I agree with bob that you will need someone to help you when you canno longer devote a day a week to practice development because you have too much work. If I were starting from scratch this is what I would do, always leaving me a day for marketing etc, and increasingthe hours of the team so This can be accomodated. As you grow, you will eventually want to spend around 3 days a week on this sort of activity and delegate the operational work to the team.

My first employee would be someone who can do bookkeeping payroll and admin, to take these les profitable tasks off me. That is of course if youintend to provide these services! You may not have to pay ni on their wages for a year too if the budget is as we expect and you aren't in the south east!

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22nd Jun 2010 17:09

Thank you all for your very sound advice. It really is appreciated.

@Jason - this is not a lifestyle choice for me, I am looking to create a business. In light of this, what would you advise?

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22nd Jun 2010 17:58


If you are looking to start and grow a business, one with standards, systems and processes, a bsuiness that does not depend on you personally then my advice would be as follows (finances permitting):

Start the business and do everything yourself at first.  You will then have practical experience and knowledge of how each part of the business operates, from client inception, admin, operations etc.  Make maximum use of software and technology and create a system that works for you.  Focus on each part of the buisness and decide how you want it to operate and link.  Make a plan and stick to it so that the systems and processes of the business are easily referenced and implemented by all future staff.  Set down in writing your practice minmium standards.

When you have done this, and you have created a system (as far as is practical with an accountancy business) then hire staff and get them to work they way that you want them to.  Do not employ people too experienced who have developed bad habits.  Choose staff that are right for your business and vice versa.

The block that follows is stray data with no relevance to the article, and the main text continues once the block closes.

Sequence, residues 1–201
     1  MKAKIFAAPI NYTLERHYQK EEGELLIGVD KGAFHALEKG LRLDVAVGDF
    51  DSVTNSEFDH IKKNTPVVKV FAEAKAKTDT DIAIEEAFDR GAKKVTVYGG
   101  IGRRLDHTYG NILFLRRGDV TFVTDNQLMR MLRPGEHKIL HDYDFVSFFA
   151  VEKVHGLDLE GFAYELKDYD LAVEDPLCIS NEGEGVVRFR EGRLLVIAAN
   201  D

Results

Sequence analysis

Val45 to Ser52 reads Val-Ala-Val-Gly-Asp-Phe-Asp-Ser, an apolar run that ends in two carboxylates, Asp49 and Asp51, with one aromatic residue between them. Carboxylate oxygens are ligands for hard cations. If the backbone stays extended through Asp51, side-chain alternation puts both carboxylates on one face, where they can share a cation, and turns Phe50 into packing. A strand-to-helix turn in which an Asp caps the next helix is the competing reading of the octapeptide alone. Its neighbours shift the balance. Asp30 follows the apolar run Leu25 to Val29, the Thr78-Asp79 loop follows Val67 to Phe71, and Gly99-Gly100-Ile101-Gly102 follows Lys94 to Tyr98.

This will free you up to concentrate on strategic work without wasting your time dealing with HMRC, answering the 'phone,  admin and operations work - that is the role of staff.

If you want to create a business then you have no place doing day to day accounts and tax work, your role is to develop the buisness, to get the work (the right clients at the right price) and strategic dutes,  with your staff reporting to you on operations.

If finances do not permit then get in part time or subcontract help as a short term measure but as soon as prcatically possible you should get someone in who is capable of performing the services you offer, without your constant supervision, and get someone in to do the admin, you should only need part time help in this respect at first.

In my opnion, and this is opinion only - others with a more cautious approach will certainly disagree, you should recruit as soon as you possibly can, even if you haven't suffciient work to warrant it.  You need the foundations in place from the start, and that includes staff.

For every moment that you are working in your business, you are not working on it.

Of course all the above depends on your capital, your revenue,  other sources of income, your attitude to risk, your determination to succeed etc.  Not to mention what you want to do - you may be perfectly happy creating a £60k business with help as an when you need it.  Plenty of people do this which allows them a happy and stress free living.

Good luck with it all - there will be highs and lows, don't get too down during the low points and don't get too carried away when it's all good!

 Jason Dormer

Seahorse (UK) Ltd - Supporting Accountants and Bookkeepers